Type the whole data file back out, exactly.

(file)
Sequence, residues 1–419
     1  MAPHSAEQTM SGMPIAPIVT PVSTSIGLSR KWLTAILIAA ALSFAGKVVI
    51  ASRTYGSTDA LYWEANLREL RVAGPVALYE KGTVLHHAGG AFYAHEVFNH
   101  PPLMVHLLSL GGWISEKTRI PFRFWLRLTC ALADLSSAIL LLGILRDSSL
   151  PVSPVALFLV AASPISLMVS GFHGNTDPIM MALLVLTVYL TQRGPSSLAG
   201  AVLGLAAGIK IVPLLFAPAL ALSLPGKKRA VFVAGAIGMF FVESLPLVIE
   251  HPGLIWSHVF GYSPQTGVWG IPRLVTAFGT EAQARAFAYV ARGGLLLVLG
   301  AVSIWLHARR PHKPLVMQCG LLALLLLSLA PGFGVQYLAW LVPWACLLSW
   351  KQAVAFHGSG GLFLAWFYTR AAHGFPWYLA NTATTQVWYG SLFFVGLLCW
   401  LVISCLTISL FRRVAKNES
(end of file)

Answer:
Sequence, residues 1–419
     1  MAPHSAEQTM SGMPIAPIVT PVSTSIGLSR KWLTAILIAA ALSFAGKVVI
    51  ASRTYGSTDA LYWEANLREL RVAGPVALYE KGTVLHHAGG AFYAHEVFNH
   101  PPLMVHLLSL GGWISEKTRI PFRFWLRLTC ALADLSSAIL LLGILRDSSL
   151  PVSPVALFLV AASPISLMVS GFHGNTDPIM MALLVLTVYL TQRGPSSLAG
   201  AVLGLAAGIK IVPLLFAPAL ALSLPGKKRA VFVAGAIGMF FVESLPLVIE
   251  HPGLIWSHVF GYSPQTGVWG IPRLVTAFGT EAQARAFAYV ARGGLLLVLG
   301  AVSIWLHARR PHKPLVMQCG LLALLLLSLA PGFGVQYLAW LVPWACLLSW
   351  KQAVAFHGSG GLFLAWFYTR AAHGFPWYLA NTATTQVWYG SLFFVGLLCW
   401  LVISCLTISL FRRVAKNES